Posted by: soullite | Aug 8, 2007 8:23:41 AM

Ahem. This bill will not become law no matter what Reid does. Many of the comments here ignore that.

Posted by: Sanpete | Aug 8, 2007 12:16:48 PM

If passes it will be vetoed. If you want more theater, this will give it to you.
Posted by: Sanpete | Aug 7, 2007 8:46:52 PM

But who do we blame for that? The theater is Bush. He chooses to be cooky and intransigent. Something the bipartizan chorus fails to recognize because they can't deal with who president Bush is and what his party has become. It ruins their peace of mind and untroubled world view.
Let the dems bring bills to the floor. If they are good, say they are good. If they are bad, say they are bad. If President coco bananas wants to veto it and up the 'drama' well that has nothing to do with the character of Congress. The veto is on his head.

Posted by: Northern Observer | Aug 8, 2007 12:53:53 PM

As I said, NO, that's theater, not substance. Reid can force a vote for political reasons, but it won't help the soldiers. It may be that he has better things to do.

Posted by: Sanpete | Aug 8, 2007 2:21:31 PM

Its because of people like Sanpete that the Congress has such a low approval rating. The American People don't think the congress is doing anything precisely because they can't see them doing anything. Bringing this vote to the floor and passing it is exactly the right thing to do. If the President doesn't veto it, then all the better. If he does, then the American people will once again see this President for what he is and also see his cronies in Congress for what they are. And next election cycle, more Democrats will be voted into office, enough to override a veto if by that slight chance in hell a Republican actually wins the nomination.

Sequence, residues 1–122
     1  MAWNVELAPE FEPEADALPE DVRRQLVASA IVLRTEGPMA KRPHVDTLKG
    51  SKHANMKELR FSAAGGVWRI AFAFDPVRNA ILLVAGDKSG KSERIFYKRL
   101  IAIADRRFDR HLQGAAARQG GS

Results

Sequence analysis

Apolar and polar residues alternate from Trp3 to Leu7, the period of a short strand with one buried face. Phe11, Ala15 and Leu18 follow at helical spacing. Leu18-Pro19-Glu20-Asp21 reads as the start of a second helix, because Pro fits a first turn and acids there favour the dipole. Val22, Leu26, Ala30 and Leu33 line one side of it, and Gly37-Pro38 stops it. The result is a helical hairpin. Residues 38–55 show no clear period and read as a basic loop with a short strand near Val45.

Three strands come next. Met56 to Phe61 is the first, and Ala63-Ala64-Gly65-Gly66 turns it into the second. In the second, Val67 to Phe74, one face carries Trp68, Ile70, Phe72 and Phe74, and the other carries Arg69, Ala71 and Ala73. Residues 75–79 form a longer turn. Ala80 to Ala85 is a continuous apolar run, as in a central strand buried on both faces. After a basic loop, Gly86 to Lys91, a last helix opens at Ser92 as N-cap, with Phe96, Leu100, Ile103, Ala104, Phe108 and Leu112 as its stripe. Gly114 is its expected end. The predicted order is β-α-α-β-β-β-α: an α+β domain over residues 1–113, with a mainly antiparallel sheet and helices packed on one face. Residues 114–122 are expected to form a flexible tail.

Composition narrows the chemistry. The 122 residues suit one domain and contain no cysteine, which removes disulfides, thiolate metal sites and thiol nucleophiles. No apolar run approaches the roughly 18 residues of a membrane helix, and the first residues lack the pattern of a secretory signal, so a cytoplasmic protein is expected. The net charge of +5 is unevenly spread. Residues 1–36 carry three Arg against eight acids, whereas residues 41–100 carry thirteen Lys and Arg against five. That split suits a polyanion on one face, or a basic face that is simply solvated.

OK, Sanpete, I expect your ridiculous response to this, but more importantly, I look forward to your alternative suggestion.

Posted by: Adrock | Aug 8, 2007 2:30:51 PM

Sounds like a great idea, so that means the gutless democratic worms won't do it.

They will roll over and play dead, as usual.

Posted by: Tony | Aug 8, 2007 6:05:12 PM

Adrock, I think the replacement of actions that matter with theater is the reason Congress is held in such low esteem. There have been votes on Iraq, but none that have done anything to help the soldiers there, apart from funding them. And this idea would be more of the same. But if your goal is to try to lift the opinion of Congress and you think this will work, try it again and see. It still won't help the soldiers.

My suggestion is too radical to even discuss. I think Congress should stop all the unrealistic crap thinking and evasions about Iraq and try to deal in reality. I think Congress needs to recognize the likely results of their withdrawal plans and not mislead Americans about how a withdrawal would improve things in Iraq. If they do that, maybe they'll be able to do something useful, or at lest stop doing what's counterproductive. So far all they've done is communicate to the soldiers that they're giving up life and limb for nothing, but that they'll leave them there anyway.

Posted by: Sanpete | Aug 8, 2007 6:45:38 PM

why exactly should we get behind webb?

oh, because he wants troops to rest.

how about coming home period?

when webb actually starts leading, maybe i'll follow.

for now, the democrats are worthless.

Posted by: christian | Aug 9, 2007 1:58:43 PM